Welcome back to VIP Pro Tips. I’m going to break these articles up into few categories including nutrition (last week), training, and tech.
So we will take a turn this week towards training in the first of a series of articles on how to prepare for your transition season. Your transition season is the time of year between our endless summer of riding and cool dry days of fall miles. We’re looking to keep the summer fitness rolling through fall and winter so you are ahead of where you were last spring.
This series of transition season articles will talk about how to measure where you are now, how to properly set goals for the next year, and how to keep moving forward on those goals through the fall and winter.
101: keep track of your riding. As soon as you can is best. If you have a basic cycling computer that tracks speed and distance that is great, and we can work with it. If you have a GPS enabled cycling computer, then you are ahead of the curve.
A basic cycling computer is a fine place to start. Seeing how far you went, speed, ride time, cadence maybe. That is all good data. It’s important to have this because if the implied goal is to get better, then you need some metrics to track that progress. Your memory is short, and jaded, so having only subjective data (“It was good, I went hard”) isn’t track able. But if you have even the basic training data then you should record it. Will the 2017 goal be to go further? Will it be to go faster? Then you need to have known how far and how fast you went in 2016.
Unfortunately, the numbers of your basic cycling computer aren’t stored, except maybe the odometer. So you’ll need to record them somewhere. Old school, use a note pad. Otherwise I would recommend some sort of digital recording, you could use an excel spreadsheet, but even that seems very 2001. So I would recommend the free version of TrainingPeaks. Sign up for free, enter data and metrics manually. You’ll have them for the future when you decide to go back and know what you actually did last year.
If you have a Wahoo Fitness ELEMNT, Garmin, or similar device that’s great because not only do they track what you are doing in real time, but they also save all of that data, each second! So you have a complete record of what you did.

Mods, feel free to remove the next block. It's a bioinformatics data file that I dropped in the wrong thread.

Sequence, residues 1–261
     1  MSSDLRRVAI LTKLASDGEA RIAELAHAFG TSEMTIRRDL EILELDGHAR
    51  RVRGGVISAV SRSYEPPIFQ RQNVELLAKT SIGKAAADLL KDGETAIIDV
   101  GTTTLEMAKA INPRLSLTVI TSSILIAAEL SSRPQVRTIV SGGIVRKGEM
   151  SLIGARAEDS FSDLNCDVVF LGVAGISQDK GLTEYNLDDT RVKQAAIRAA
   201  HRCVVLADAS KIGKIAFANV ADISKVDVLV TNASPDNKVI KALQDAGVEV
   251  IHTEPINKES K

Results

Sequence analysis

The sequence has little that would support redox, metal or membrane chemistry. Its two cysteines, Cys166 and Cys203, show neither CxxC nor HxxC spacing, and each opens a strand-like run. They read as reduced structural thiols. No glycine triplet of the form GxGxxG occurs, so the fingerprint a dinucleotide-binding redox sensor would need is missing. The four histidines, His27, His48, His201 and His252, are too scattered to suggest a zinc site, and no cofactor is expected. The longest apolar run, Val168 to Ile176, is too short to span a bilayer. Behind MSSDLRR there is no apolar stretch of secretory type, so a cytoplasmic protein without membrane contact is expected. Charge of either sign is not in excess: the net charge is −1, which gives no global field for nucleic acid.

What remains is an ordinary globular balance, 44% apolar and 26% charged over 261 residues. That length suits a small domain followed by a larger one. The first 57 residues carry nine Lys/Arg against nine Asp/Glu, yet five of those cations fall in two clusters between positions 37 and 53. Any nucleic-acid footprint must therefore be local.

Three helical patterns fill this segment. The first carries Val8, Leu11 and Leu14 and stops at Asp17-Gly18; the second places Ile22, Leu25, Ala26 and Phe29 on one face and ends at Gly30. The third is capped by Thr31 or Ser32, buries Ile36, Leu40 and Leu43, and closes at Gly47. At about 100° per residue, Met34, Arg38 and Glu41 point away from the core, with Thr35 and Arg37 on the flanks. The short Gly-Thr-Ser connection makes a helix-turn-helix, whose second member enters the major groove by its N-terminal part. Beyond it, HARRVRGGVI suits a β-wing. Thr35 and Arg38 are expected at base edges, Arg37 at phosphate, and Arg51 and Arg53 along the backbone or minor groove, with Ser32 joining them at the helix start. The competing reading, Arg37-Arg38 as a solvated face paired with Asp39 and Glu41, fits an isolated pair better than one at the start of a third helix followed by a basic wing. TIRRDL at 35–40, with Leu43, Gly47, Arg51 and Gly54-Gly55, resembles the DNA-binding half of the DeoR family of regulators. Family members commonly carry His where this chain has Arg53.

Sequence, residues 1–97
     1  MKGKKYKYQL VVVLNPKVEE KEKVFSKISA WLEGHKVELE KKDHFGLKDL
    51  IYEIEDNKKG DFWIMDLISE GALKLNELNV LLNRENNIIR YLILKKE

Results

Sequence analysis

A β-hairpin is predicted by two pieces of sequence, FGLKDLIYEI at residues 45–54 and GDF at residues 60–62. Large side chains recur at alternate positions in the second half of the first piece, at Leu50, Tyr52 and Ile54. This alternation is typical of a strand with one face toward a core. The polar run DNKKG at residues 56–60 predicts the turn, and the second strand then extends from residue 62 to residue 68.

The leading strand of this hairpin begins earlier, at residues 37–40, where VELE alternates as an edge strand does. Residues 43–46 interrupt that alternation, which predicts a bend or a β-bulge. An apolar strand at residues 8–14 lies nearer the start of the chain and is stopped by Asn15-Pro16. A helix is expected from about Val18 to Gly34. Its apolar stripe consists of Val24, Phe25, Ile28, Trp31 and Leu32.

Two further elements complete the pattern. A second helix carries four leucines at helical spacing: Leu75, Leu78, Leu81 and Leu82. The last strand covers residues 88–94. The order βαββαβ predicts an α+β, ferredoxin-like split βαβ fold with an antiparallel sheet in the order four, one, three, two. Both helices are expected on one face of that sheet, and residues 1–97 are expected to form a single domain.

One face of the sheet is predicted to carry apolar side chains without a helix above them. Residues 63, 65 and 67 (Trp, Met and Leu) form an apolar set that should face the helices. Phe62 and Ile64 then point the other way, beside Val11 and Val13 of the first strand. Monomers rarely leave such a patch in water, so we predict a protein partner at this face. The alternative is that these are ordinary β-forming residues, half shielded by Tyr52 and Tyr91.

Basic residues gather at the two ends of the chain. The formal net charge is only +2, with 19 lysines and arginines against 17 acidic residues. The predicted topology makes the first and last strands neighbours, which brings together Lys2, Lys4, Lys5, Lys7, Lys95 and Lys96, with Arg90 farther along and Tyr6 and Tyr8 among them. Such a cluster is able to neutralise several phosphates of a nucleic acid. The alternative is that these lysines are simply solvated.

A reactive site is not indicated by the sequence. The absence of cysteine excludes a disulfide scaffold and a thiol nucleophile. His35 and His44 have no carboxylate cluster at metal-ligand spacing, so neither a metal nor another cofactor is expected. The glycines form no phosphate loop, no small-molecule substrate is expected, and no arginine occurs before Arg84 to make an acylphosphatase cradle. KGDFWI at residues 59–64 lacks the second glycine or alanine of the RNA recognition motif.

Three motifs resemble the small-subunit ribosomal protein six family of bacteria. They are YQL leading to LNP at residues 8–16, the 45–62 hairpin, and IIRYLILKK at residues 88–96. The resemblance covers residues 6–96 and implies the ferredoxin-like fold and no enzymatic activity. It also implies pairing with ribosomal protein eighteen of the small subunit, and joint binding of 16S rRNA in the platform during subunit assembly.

You can use an IOS or Android app. like Strava or Wahoo Fitness to both record and save your data. Though I would recommend a physical cycling computer over the app.
Something like the Wahoo ELEMNT is super easy to set up, easily pairs all for your sensors, and sync’s nicely to your phone for giving you directions and saving data.
Whichever you choose, it’s important to save that data off the device. Your computer will die or get lost at some point, so keeping data on there indefinitely isn’t a good idea.
We’ll talk soon about what to do with your ride data, but for now, if you have any goals currently, or think you’ll have any goals in the future, then track your data and save it.
If you’re in the “no rules, no garmin” or #outsideisfreecrowd, that’s cool too. But even your basic commuter rides on Strava’s extension called are Metro http://metro.strava.com/ is used for making your streets safer, so consider it.
Reid Beloni is an Expert Coach for Carmichael Training Systems and an elite bike racer in various disciplines for Organic Valley / Hiball Energy Cycling Team, benefiting globalbike. Reid has been active in many aspects of the sport for the past 12 years; racing domestically and internationally, managing a bike shop, receiving a Bachelors and Masters degrees in Exercise Science, and working as a professional coach. Reid is a longstanding member and contributor to the I Love Road Cycling VIP Facebook group. He can be contacted professionally via his email email@example.com